A student from Delhi School of Social work, Vineet is a part of Project Sakhi Saheli, an initiative by the students of Delhi school of Social Work to create awareness on Menstrual Health and combat Period Poverty. Along with MHM Action Fellow Sabna, Vineet launched Menstratalk, a campaign that aims to put an end to period poverty and smash menstrual taboos in society.

As a start, the campaign aims to begin conversations on menstrual health with five hundred adolescents and youth in Delhi through offline platforms, and through this community mobilise support to create Period Friendly Institutions out of educational institutes in the city.

Find out more about the campaign here.

A native of Bhagalpur district – Bihar, Shalini Jha believes in equal rights for all genders and wants to work for a gender-equal and just society. In the past she’s had a year-long association as a community leader with Haiyya: Organise for Action’s Health Over Stigma campaign. She’s pursuing a Master’s in Literature with Ambedkar University, Delhi and as an MHM Fellow with YKA, recently launched ‘Project अल्हड़ (Alharh)’.

She says, “Bihar is ranked the lowest in India’s SDG Index 2019 for India. Hygienic and comfortable menstruation is a basic human right and sustainable development cannot be ensured if menstruators are deprived of their basic rights.” Project अल्हड़ (Alharh) aims to create a robust sensitised community in Bhagalpur to collectively spread awareness, break the taboo, debunk myths and initiate fearless conversations around menstruation. The campaign aims to reach at least 6000 adolescent girls from government and private schools in Baghalpur district in 2020.

Read more about the campaign here.

A psychologist and co-founder of a mental health NGO called Customize Cognition, Ritika forayed into the space of menstrual health and hygiene, sexual and reproductive healthcare and rights and gender equality as an MHM Fellow with YKA. She says, “The experience of working on MHM/SRHR and gender equality has been an enriching and eye-opening experience. I have learned what’s beneath the surface of the issue, be it awareness, lack of resources or disregard for trans men, who also menstruate.”

The Transmen-ses campaign aims to tackle the issue of silence and disregard for trans men’s menstruation needs, by mobilising gender sensitive health professionals and gender neutral restrooms in Lucknow.

Read more about the campaign here.

A Computer Science engineer by education, Nitisha started her career in the corporate sector, before realising she wanted to work in the development and social justice space. Since then, she has worked with Teach For India and Care India and is from the founding batch of Indian School of Development Management (ISDM), a one of its kind organisation creating leaders for the development sector through its experiential learning post graduate program.

As a Youth Ki Awaaz Menstrual Health Fellow, Nitisha has started Let’s Talk Period, a campaign to mobilise young people to switch to sustainable period products. She says, “80 lakh women in Delhi use non-biodegradable sanitary products, generate 3000 tonnes of menstrual waste, that takes 500-800 years to decompose; which in turn contributes to the health issues of all menstruators, increased burden of waste management on the city and harmful living environment for all citizens.

Let’s Talk Period aims to change this by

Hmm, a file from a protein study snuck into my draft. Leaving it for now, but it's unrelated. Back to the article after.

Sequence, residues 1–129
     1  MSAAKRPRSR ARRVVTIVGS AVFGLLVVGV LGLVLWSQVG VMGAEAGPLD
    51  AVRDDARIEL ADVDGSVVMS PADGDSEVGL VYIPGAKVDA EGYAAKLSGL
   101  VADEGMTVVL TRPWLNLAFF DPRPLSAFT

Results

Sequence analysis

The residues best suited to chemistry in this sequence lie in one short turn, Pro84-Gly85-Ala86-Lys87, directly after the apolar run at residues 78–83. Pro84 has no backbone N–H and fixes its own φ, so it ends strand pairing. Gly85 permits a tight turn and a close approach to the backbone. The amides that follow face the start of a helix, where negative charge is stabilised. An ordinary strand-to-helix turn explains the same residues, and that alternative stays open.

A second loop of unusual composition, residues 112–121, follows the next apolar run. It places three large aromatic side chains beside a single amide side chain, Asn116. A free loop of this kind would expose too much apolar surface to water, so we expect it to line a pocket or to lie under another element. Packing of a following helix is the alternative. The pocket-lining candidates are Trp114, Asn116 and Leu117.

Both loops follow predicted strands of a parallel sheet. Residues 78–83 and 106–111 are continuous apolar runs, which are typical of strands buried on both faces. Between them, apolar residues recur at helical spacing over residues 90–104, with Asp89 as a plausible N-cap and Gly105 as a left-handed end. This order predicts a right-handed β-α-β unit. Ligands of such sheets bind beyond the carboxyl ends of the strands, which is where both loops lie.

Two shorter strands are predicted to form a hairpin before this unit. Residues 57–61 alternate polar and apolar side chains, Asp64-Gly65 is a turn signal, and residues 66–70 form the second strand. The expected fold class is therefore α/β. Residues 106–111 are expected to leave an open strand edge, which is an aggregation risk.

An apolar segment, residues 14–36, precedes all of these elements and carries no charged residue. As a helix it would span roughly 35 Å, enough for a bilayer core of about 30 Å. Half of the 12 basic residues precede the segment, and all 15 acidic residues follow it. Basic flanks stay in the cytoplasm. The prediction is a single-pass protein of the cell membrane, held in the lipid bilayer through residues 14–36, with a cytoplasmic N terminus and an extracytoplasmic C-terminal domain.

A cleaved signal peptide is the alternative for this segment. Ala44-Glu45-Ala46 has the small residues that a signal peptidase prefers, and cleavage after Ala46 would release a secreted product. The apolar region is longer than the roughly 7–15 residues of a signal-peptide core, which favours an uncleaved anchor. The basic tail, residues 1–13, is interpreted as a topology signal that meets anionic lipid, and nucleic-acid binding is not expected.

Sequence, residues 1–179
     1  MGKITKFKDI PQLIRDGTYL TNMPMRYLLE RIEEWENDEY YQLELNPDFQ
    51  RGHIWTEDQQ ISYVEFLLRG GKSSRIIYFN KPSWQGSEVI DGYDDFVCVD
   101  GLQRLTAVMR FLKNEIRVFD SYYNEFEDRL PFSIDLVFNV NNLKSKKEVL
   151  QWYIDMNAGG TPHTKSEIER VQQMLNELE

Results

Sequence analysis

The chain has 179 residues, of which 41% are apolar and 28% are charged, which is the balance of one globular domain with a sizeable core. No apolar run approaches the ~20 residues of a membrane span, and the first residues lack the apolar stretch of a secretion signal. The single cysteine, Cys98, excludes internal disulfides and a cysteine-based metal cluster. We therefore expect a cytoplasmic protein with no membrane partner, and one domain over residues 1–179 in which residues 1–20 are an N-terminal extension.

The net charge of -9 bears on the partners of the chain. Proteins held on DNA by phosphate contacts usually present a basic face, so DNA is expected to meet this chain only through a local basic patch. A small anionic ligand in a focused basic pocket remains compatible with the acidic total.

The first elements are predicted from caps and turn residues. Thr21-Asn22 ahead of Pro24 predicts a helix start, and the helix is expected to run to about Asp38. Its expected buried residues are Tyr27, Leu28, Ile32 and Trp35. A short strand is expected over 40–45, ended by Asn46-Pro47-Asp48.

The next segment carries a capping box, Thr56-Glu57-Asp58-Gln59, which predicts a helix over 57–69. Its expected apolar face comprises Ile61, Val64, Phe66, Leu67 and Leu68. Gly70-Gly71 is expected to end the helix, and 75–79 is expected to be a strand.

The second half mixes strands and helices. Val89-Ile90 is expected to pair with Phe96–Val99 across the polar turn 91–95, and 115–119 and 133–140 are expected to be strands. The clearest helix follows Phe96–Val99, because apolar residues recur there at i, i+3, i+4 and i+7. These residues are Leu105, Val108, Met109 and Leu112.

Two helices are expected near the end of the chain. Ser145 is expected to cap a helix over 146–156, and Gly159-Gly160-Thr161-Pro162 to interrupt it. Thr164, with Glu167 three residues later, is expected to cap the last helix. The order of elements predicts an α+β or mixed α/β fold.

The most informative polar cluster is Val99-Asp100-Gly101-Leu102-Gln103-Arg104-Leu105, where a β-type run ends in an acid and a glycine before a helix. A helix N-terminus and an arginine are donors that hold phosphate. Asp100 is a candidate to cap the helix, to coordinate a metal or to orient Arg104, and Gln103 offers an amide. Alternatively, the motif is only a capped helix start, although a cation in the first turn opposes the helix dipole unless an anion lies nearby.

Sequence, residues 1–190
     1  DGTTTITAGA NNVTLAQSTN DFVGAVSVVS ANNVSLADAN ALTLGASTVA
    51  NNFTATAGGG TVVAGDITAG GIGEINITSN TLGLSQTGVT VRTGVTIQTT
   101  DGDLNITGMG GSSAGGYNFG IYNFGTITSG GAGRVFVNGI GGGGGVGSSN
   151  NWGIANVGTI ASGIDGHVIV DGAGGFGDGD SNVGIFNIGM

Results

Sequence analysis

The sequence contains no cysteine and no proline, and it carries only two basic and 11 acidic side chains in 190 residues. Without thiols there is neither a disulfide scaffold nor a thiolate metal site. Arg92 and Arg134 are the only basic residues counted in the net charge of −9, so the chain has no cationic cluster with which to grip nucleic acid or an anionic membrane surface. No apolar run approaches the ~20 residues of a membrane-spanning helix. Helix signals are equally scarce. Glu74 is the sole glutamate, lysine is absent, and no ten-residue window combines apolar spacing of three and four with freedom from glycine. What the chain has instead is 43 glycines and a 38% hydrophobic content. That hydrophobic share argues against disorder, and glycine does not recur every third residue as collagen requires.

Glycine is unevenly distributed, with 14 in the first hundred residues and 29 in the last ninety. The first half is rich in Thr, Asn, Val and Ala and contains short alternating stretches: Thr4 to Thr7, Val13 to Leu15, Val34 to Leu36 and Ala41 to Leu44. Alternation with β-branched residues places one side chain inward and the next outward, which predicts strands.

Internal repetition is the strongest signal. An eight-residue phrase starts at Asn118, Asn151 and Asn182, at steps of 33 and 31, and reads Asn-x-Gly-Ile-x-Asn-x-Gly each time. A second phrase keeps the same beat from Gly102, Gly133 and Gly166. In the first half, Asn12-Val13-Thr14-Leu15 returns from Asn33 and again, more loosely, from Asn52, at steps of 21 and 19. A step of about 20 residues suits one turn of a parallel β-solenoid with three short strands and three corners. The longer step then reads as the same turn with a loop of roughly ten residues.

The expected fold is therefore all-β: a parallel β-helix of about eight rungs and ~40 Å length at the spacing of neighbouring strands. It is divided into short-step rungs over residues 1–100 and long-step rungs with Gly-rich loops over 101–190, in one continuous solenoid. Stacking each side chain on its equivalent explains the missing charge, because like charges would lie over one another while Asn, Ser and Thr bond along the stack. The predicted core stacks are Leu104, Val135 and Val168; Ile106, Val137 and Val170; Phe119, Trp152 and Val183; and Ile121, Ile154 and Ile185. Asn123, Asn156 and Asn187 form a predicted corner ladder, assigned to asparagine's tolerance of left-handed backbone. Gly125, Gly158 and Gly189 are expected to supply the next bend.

Find out more about her campaign here.

Share your details to download the report.









We promise not to spam or send irrelevant information.

A former Assistant Secretary with the Ministry of Women and Child Development in West Bengal for three months, Lakshmi Bhavya has been championing the cause of menstrual hygiene in her district. By associating herself with the Lalana Campaign, a holistic menstrual hygiene awareness campaign which is conducted by the Anahat NGO, Lakshmi has been slowly breaking taboos when it comes to periods and menstrual hygiene.

A Gender Rights Activist working with the tribal and marginalized communities in india, Srilekha is a PhD scholar working on understanding body and sexuality among tribal girls, to fill the gaps in research around indigenous women and their stories. Srilekha has worked extensively at the grassroots level with community based organisations, through several advocacy initiatives around Gender, Mental Health, Menstrual Hygiene and Sexual and Reproductive Health Rights (SRHR) for the indigenous in Jharkhand, over the last 6 years.

Srilekha has also contributed to sustainable livelihood projects and legal aid programs for survivors of sex trafficking. She has been conducting research based programs on maternal health, mental health, gender based violence, sex and sexuality. Her interest lies in conducting workshops for young people on life skills, feminism, gender and sexuality, trauma, resilience and interpersonal relationships.

A Guwahati-based college student pursuing her Masters in Tata Institute of Social Sciences, Bidisha started the #BleedwithDignity campaign on the technology platform Change.org, demanding that the Government of Assam install
biodegradable sanitary pad vending machines in all government schools across the state. Her petition on Change.org has already gathered support from over 90000 people and continues to grow.

Bidisha was selected in Change.org’s flagship program ‘She Creates Change’ having run successful online advocacy
campaigns, which were widely recognised. Through the #BleedwithDignity campaign; she organised and celebrated World Menstrual Hygiene Day, 2019 in Guwahati, Assam by hosting a wall mural by collaborating with local organisations. The initiative was widely covered by national and local media, and the mural was later inaugurated by the event’s chief guest Commissioner of Guwahati Municipal Corporation (GMC) Debeswar Malakar, IAS.

Sign up for the Youth Ki Awaaz Prime Ministerial Brief below